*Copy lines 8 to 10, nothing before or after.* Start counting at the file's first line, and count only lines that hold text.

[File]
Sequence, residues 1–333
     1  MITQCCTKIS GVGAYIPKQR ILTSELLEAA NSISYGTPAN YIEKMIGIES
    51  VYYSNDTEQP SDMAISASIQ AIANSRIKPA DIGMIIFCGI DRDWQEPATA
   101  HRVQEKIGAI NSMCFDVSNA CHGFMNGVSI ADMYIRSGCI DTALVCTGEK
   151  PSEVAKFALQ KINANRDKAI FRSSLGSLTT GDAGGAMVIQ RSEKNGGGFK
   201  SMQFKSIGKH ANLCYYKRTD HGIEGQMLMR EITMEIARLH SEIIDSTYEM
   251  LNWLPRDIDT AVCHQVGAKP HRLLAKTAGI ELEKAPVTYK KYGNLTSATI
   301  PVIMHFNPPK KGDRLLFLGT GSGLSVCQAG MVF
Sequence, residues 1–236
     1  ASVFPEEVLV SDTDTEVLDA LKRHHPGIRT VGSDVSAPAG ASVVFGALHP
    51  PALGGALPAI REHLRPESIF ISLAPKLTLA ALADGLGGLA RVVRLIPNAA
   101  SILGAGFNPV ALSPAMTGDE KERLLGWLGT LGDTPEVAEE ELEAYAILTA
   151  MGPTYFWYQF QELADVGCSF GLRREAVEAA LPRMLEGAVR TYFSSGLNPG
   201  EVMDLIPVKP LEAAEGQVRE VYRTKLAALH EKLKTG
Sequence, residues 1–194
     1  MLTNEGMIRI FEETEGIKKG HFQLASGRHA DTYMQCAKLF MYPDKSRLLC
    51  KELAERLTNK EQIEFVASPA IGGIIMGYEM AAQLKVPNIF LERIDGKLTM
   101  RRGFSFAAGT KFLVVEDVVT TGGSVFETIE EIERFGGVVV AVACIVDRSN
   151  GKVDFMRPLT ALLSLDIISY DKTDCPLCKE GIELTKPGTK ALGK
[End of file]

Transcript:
   301  PVIMHFNPPK KGDRLLFLGT GSGLSVCQAG MVF
Sequence, residues 1–236
     1  ASVFPEEVLV SDTDTEVLDA LKRHHPGIRT VGSDVSAPAG ASVVFGALHP